Tag Archives: service

How to Become an Effective Champion of Analytics

As an analyst, you are obviously aware of the power of data analysis. You know that the application of appropriate analysis techniques to a well-constructed, meaningful dataset can reveal a great deal of useful information—information that can lead to new opportunities, improvements in efficiency, reductions in costs, and other advantages. While many organizations have adopted analytics on a wide scale, several others still employ it only in certain areas, and some (believe it or not!) rarely use it at all. If you’re like me, you often get excited thinking about new ways of applying analytics in your organization, and are eager to share your excitement with people you think would benefit. This puts you in the role of being a “champion” for analytics in your company—an evangelist preaching the gospel of how data can be used to solve widespread problems. And you want to convert everyone!

Don’t be surprised, however, if others don’t respond in kind. Depending on a person’s background, they may not understand what analytics is, in which case they simply can’t know of its benefits (until you tell them, that is!). If they do have some degree of understanding of it—at least in principle—they may believe that there is no use for analytics in what they do, or they may be intimidated by what they perceive is a highly complex, incredibly arcane set of algorithms that in no way relates to their daily work. Regardless of the reason, such a response can quickly kill your enthusiasm, which is not only frustrating for you but also detrimental to the organization.

When this happens, you may need to find a better project, or you may just need to build some trust with someone so that they understand that you are there to help them. Following are four actions you can take to overcome objections and thus increase your effectiveness as a champion of analytics in your company:

1. Focus on the person’s greatest challenges and most burdensome tasks. Everyone has something about their job that is a source of frustration, no matter how much they love what they do. For the person you’re working with, a meaningful application of analytics is one that relieves his or her frustration or minimizes it as much as possible. As long as the application is also important to the overall business, this is a great way to begin to show someone the true value of analytics. It’s also a good idea to start small and then work your way up to bigger projects later, so that you’re not overwhelmed and thus don’t run the risk of not being able to deliver.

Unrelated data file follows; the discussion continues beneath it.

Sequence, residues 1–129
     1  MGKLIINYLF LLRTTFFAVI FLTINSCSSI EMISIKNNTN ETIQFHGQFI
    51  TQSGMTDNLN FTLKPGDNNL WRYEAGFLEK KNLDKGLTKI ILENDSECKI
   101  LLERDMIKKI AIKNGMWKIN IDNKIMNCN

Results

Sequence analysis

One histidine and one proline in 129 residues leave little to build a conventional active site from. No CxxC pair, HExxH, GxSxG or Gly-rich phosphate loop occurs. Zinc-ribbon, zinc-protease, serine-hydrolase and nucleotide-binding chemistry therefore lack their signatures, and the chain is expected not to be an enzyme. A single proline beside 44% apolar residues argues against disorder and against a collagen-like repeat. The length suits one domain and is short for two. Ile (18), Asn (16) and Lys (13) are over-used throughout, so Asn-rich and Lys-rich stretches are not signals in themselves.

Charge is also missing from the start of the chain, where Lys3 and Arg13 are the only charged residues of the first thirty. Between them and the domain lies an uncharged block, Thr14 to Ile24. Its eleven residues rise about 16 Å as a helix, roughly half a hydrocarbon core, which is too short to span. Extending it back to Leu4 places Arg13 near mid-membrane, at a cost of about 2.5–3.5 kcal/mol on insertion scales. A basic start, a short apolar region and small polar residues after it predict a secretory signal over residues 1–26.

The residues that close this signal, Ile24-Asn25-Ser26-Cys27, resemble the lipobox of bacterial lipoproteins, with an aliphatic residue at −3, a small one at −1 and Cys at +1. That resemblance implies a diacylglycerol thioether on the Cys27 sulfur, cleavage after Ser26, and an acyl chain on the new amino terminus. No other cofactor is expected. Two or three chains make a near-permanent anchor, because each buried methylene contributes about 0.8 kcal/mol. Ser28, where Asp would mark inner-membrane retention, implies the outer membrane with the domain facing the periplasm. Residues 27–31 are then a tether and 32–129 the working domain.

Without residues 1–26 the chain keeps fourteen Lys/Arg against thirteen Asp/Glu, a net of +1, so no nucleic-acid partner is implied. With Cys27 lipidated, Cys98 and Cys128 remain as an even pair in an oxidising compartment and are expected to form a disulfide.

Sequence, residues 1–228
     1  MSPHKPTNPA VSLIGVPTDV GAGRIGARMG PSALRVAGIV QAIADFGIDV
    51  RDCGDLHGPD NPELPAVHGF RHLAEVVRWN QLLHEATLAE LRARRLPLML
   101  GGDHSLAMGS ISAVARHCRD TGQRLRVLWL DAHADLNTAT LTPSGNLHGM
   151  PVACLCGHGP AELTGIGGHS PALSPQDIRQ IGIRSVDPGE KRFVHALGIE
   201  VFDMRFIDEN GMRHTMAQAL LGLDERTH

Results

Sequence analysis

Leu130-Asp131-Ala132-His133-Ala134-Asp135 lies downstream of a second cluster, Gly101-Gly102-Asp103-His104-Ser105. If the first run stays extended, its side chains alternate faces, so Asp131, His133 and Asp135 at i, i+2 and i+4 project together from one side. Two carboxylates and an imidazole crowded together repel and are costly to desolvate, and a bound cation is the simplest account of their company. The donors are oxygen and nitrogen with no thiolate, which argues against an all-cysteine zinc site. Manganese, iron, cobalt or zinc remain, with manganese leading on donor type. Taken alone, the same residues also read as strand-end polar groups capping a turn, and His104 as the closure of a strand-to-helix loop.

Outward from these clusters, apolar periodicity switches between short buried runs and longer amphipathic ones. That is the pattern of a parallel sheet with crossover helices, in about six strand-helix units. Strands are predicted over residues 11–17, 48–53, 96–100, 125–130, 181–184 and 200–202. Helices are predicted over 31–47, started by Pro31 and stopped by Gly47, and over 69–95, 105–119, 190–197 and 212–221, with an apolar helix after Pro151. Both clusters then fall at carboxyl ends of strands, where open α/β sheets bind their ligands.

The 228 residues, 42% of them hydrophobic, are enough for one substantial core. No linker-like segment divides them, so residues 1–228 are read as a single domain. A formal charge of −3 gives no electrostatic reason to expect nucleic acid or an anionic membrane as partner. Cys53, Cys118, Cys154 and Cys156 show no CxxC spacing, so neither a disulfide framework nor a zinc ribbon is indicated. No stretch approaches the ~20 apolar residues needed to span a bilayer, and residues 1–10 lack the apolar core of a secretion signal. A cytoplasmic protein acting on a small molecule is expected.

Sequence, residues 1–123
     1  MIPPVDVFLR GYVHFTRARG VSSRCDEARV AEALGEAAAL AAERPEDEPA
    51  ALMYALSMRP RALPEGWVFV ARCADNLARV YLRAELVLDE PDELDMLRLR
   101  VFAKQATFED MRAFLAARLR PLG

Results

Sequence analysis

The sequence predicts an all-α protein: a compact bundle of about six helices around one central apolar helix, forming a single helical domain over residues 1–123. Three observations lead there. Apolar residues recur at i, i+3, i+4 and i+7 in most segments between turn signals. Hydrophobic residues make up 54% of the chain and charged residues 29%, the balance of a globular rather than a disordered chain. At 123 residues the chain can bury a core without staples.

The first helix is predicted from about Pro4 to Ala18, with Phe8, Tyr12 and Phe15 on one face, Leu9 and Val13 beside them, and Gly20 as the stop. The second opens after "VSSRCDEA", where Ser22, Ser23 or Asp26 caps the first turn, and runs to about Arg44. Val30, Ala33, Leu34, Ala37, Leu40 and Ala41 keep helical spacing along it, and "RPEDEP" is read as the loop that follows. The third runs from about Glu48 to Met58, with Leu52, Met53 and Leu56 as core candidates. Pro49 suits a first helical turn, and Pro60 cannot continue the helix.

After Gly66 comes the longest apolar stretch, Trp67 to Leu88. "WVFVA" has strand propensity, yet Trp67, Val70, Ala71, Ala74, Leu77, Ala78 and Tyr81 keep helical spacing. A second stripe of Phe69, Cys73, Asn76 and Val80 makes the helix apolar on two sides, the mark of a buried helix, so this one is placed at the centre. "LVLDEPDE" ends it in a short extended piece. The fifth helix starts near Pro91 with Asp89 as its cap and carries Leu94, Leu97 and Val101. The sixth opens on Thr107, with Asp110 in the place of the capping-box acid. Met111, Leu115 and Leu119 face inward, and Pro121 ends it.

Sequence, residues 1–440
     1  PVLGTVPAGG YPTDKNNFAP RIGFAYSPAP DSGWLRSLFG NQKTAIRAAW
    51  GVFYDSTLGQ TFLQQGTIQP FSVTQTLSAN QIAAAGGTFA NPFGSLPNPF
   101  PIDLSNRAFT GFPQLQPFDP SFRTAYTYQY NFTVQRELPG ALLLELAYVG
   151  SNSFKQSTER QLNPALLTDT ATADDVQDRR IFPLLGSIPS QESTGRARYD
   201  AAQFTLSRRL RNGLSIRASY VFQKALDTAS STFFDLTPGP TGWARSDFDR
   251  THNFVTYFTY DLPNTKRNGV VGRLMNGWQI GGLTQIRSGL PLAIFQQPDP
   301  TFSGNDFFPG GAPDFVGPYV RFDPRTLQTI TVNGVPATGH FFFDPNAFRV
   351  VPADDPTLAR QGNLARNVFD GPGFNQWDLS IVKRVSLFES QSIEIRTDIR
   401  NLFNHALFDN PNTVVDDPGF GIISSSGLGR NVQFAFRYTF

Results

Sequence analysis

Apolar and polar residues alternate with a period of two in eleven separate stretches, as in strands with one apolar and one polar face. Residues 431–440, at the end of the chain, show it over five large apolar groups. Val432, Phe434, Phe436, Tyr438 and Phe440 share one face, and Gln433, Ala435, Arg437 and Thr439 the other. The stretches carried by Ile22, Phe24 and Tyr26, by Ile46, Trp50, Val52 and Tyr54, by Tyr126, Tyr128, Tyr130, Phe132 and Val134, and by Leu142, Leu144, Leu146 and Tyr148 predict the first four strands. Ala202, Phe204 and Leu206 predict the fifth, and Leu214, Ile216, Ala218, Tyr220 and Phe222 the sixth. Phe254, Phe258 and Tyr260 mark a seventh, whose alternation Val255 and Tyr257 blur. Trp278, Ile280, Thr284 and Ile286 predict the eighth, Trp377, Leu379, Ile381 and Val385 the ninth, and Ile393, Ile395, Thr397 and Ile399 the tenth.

2. Incorporate their knowledge and expertise. You may be an expert on the application of analytics, but you are most likely not the expert on every functional area of your organization—not even the CEO can make that claim! Therefore, you must rely on the wisdom of others to help you understand all of the intricacies that cannot be contained within a dataset, including any legal, ethical or other considerations that must be taken into account. What’s more, you are demonstrating respect for their specific knowledge, which will help build trust and make them more eager to work with you.

3. Learn to speak their language. Being able to understand and communicate in the nomenclature used by the people you’re working with will demonstrate that you are willing to meet them on their terms. It’s not a two-way street, however: avoid using analytical and statistical terminology as much as possible. If necessary, practice finding ways to explain difficult or complex concepts in an easy-to-understand manner (metaphors often work well for this!).

4. Publicize your victories—and share the credit! Once you have successfully completed a project, be sure to tell your boss. Ask him or her to spread the word throughout the organization and externally if possible, but make absolutely sure that the credit is shared with those you collaborated with and assisted you in the project. This will help build attention to the power of analytics within the organization, as well as make those people you’ve just worked with feel rightfully appreciated and respected.

If you look closely at these four recommendations, you’ll notice they all have one thing in common: they put the focus on what you can do to help others. Whether you follow these specific tips or not, as long as you promote the use of analytics as a service that can help a person solve a problem that is important to them, you will go a long way toward fostering a positive attitude toward analytics throughout your organization.